Summer travels and now being back at the desk puts our cervical spine in unnatural positions for long periods of time. This post builds on Ergonom-misses: 7 things missing in your desk life that affect your fitness and Reduce Trigger Points after Travel and / or Office Work. As a trainer, I like to practice a root cause analysis with my clients and get down to what is really causing their issues. That is, to the best of my ability. Clients absolutely love when they leave a session and can hear your voice telling them to stand up straight, roll their shoulders back, tuck their pelvic in, etc. It makes them know you care and aren’t just a pull this push that kind of trainer. In my first post I talk about posture at the desk and while seated. My second post covered inhibition techniques for overactive muscles in clients who sit a lot.
This post discusses the third aspect of corrective exercise – lengthening (stretching). Regardless of whether your client sits for a long period of time or not, they should still be following a corrective exercise program to enhance the training you do together. Why? If they spend 8 hours a day, 5 days a week seated, leaning to one side (or whatever repetitive posture they may have from work, hobby, life, etc.) what is the measly one hour, three days a week, Max! going to do for most people? Most likely strengthening any muscular imbalance they have. Sure, you’ll have clients for life because they’ll always be broken, in and out of the gym, up and down in weight. But, wouldn’t wouldn’t you want to have the 10 clients he or she tells about you when you help alleviate their feet, knee, hip, shoulder, back and neck problems? Absolutely. So what do you do?
Programming Part I
Each client should have a 10-15 minute warm up composed of inhibition, lengthening, activation and integration techniques. Inhibition techniques were covered in the Reduce Trigger Points after Travel and / or Office Work article. Lengthening techniques will be covered here. Activation and Integration techniques will be covered in future posts.
I like to start from the feet and work my way up, identifying four overactive muscles in a static posture and overhead squat assessment. If the client is pronated in a static posture and knee’s knock in an overhead squat assessment that tells me her / his peroneals, calves, soleus and adductors are overactive. I focus on these four muscles for a month and see if what I do makes a difference. If it does, I move to the next four that seem overactive from the foot up and focus on those for a month, so on and so forth.
If I know I will have a client for at least a month, after our first session I prepare an exercise plan so they have it, I have it and we are both on the same page – no pun intended. It has which component (massage, stretching, activation, etc.) comes first, which of each I’d like them to do, a picture of the stretch, a link to a video demonstration, tips on duration and notes. I print this for our second session so I can take notes on how they perform each in case I need to modify.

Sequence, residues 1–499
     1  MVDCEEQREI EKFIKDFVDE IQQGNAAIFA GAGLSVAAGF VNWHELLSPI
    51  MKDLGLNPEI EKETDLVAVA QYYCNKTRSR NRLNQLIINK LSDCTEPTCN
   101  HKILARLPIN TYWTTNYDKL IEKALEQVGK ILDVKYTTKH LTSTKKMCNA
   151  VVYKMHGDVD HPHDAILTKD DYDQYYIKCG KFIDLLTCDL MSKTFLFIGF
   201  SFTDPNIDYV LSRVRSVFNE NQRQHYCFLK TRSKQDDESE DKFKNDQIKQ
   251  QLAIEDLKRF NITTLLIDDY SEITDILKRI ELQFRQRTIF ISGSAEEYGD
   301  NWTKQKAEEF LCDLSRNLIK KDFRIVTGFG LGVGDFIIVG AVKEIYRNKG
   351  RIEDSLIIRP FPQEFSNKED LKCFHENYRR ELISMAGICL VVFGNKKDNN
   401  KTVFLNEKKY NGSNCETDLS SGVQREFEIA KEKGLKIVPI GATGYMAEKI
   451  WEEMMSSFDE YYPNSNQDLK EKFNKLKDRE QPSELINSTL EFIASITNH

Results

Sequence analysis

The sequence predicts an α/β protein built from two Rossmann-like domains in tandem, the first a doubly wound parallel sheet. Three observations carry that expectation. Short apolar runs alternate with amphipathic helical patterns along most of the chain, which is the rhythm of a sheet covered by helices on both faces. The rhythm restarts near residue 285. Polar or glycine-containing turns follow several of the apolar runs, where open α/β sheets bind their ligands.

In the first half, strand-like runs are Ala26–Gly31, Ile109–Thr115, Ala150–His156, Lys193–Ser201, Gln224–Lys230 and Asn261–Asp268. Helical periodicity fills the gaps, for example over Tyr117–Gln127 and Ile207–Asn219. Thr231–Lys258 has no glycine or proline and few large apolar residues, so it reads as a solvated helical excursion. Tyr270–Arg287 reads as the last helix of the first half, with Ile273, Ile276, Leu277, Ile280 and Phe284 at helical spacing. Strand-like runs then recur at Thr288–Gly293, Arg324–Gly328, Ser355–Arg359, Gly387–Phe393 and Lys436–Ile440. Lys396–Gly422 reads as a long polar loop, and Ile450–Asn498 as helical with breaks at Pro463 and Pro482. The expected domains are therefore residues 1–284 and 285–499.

Here is an example the inhibition and lengthening part of my chart. Why stretching after massage, you ask?
Through self-myofascial release, you work to decrease overactive neuromyofascial tissue (see Reduce Trigger Points after Travel and / or Office Work) and also prepare the tissue for the remaining corrective exercise techniques (Clark). Afterwards, you want to lengthen those overactive neuromyofascial tissues. Overactive muscles are mechanically shortened. Lengthening means to elongate these muscles and surrounding connective tissue. Doing so increases range of motion in the tissue and joint. Better range of motion, better ability and more pleasure in exercising. Better abled and pleased clients = better paychecks.
Programming Part II
There are many ways to lengthen a muscle. This depends on which phase of training they are in. Beginners in the stabilization phase of training (12-20 reps, 1-3 sets, unilateral exercises, 4-2-1 tempo) should use static stretching and progress to active when in the endurance stage of training (8-12 reps, 2-4 sets, super-sets, 4-2-1 tempo super set with 2-0-2 tempo). Static stretching entails low force, long duration (30 -60 seconds). This helps reduce passive stiffness of the muscle – tendon (Guissard). Clients should be doing these massages and stretches at least five days a week to be the most beneficial (Shrier). Especially if you’re having the client doing any kind of jumps or speed drills.
Now is a great time to get in the habit of not only doing stretches while you’re with your client, but giving them homework for what they should be doing to combat this repetitive posture as we start back up with the daily grind.
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- Clark, A., Lucett, S., Sutton, B. (2012). NASM Essentials of Personal Fitness Training. Baltimore, Maryland: Lippincot Williams & Wilkins, a Wolters Kluwer Business.
- Guissard, N., Duchateau, J. (2004). Effect of static stretch training on neural and mechanical properties of the human plantar-flexor muscle. Muscle Nerve. 29(2): 248-55. Retrieved from: http://www.ncbi.nlm.nih.gov/pubmed/14755490
- Shrier. (2004) Does stretching improve performance? A systematic and critical review of the literature. Clinical Journal of Sports Medicine. 12(5): 267-73. Retrieved from: http://www.ncbi.nlm.nih.gov/pubmed/15377965.